Tag archives: Copyrights

Is that picture your creation or the AI program’s – an age-old question revisited

The copyright eligibility of computer-generated literature and artistic works is not, contrary to what many may think, a post-millennial question. In a case decided as early as 1985 [1], in a time long before the internet era, the English court had already held that a computer is no more than a tool by which the … Continue reading

Who’s in control? Liability for copyright infringement by contractors and software developers

The High Court recently delivered its decision in Real Estate Tool Box v Campaigntrack 1 relating to copyright authorisation. The High Court held that the appellants, who had engaged a third party software developer to create a real estate marketing system for their use, were not liable for copyright infringement, as they had not authorised the developer’s infringement of Campaigntrack’s … Continue reading

Is “A Change [] Gonna Come”?: Music Publishers Sue AI Startup Anthropic for Copyright Infringement

The Lawsuit Another week, another lawsuit against generative AI.  This time, a group of music publishing companies, including Concord Music Group, Inc., ABCKO Music, Inc., and Universal Music Group (“Plaintiffs”) sued AI start-up Anthropic PBC (“Anthropic”) on October 18, 2023, in the United States District Court for the Middle District of Tennessee “to address the … Continue reading

NFTs and IP – Your opportunity to comment

On November 23, 2022, the US Patent and Trademark Office and the US Copyright Office issued a request for public comment on the subject of Non-Fungible Tokens (NFTs) and intellectual property rights. Comments are due by Monday, January 9, 2023. In addition, the Offices will offer three public roundtables:  one panel on NFTs and patents … Continue reading

China quietly updates its Copyright Law

On 11 November 2020, the Standing Committee of the National People’s Congress passed the amendments to the China Copyright Law (the Amendments), which will take effect on 1 June 2021. This is the third time the Copyright Law has been amended since it was promulgated in 1990. The first comprehensive amendment took place in 2001, … Continue reading

Government edicts doctrine precludes legislators from claiming copyright protection

In a 5-4 decision, the United States Supreme Court held in Georgia et al v. Public.Resource.Org., Inc. (No. 18-1150) (April 27, 2020) that the state of Georgia is not entitled to copyright protection for its official annotated code. The Copyright Act grants expansive rights for “original works of authorship.” 17 U.S.C. § 102(a). Georgia claimed … Continue reading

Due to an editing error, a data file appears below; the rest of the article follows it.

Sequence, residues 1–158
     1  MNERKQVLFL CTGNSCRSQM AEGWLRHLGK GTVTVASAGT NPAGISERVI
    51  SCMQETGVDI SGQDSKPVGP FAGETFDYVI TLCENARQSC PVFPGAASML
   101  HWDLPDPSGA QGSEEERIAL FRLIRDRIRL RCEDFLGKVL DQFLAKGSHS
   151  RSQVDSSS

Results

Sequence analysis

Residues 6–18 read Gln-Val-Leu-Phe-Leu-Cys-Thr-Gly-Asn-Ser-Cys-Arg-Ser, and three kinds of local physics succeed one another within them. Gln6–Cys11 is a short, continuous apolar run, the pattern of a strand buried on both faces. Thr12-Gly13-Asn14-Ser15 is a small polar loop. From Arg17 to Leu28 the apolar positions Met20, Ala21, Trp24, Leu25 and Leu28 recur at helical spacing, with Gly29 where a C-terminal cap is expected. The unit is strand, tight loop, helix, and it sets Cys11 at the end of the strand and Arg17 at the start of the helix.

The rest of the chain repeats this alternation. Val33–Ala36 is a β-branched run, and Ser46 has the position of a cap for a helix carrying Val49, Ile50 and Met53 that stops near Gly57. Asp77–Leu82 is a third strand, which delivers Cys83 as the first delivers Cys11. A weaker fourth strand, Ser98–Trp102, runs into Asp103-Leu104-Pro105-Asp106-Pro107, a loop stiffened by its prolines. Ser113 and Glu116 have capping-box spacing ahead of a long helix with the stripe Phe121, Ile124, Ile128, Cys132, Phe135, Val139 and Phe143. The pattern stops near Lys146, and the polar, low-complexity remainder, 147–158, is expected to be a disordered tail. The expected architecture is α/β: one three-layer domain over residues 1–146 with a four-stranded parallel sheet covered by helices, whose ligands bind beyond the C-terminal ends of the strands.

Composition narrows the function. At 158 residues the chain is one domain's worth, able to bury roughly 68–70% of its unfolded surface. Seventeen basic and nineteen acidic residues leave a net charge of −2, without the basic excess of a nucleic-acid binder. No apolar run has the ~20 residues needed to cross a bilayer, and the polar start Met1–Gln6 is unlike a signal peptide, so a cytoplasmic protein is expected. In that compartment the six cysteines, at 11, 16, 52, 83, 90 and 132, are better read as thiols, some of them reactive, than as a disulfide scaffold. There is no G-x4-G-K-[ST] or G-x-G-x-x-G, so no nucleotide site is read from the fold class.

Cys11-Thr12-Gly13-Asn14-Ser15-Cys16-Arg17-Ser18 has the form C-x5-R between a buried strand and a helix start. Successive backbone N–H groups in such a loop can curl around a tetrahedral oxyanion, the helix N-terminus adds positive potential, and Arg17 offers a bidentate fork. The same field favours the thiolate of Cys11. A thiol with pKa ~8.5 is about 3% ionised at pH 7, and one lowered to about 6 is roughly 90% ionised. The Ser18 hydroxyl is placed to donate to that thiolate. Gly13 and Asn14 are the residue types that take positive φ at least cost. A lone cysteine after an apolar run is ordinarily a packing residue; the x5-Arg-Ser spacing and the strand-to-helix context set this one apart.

Shifting Paradigms – A new report for the future of copyright in Canada

Over the past year the House Heritage Committee has been preparing its Shifting Paradigms report which was released in May 2019. The report considers and discusses some of the current challenges and possible solutions pertaining to the ecosystem in which artists work. It also speaks to reinvigorating copyright in Canada. This report is of interest … Continue reading

Recent developments for IPR protection in China

On November 5th 2018, at the inauguration ceremony of the first-ever China International Import Expo held in Shanghai, President Xi Jinping reassured investors, especially foreign enterprises, on the administration’s determination to protect their intellectual property rights in China. In the speech, President Xi announced that in order to significantly increase the cost of infringing IPR … Continue reading

Copyright, cryptocurrency and video games

Video games, such as Grand Theft Auto®, remain popular around the globe, and two recent matters made headlines on two different aspects of the games: copyright and cryptocurrency. Copyright On August 16, 2018, the federal trial court in Manhattan issued a ruling in a case involving the video game “Grand Theft Auto V” (“GTAV”) and … Continue reading